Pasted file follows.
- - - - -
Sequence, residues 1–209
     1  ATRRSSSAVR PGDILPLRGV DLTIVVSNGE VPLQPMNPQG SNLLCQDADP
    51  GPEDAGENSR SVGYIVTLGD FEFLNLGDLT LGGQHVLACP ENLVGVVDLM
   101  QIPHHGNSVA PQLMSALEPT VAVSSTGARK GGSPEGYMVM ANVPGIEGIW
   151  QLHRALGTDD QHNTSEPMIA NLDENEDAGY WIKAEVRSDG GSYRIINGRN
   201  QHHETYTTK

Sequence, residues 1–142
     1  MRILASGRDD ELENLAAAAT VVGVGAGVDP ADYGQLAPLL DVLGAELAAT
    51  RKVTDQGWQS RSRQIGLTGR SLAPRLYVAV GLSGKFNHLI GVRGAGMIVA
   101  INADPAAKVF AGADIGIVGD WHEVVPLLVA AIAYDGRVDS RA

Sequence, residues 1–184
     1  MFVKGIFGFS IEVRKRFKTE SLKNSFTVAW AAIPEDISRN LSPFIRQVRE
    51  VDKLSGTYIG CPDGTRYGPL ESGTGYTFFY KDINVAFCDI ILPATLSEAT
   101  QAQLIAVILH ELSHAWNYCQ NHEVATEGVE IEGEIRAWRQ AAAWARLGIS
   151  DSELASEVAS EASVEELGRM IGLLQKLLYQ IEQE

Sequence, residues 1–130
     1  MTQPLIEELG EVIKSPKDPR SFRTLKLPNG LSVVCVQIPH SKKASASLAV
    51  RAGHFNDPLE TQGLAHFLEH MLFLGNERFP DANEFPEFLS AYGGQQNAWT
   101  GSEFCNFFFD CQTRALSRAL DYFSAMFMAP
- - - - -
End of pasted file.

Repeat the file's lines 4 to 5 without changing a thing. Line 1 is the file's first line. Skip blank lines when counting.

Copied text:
   101  QIPHHGNSVA PQLMSALEPT VAVSSTGARK GGSPEGYMVM ANVPGIEGIW
   151  QLHRALGTDD QHNTSEPMIA NLDENEDAGY WIKAEVRSDG GSYRIINGRN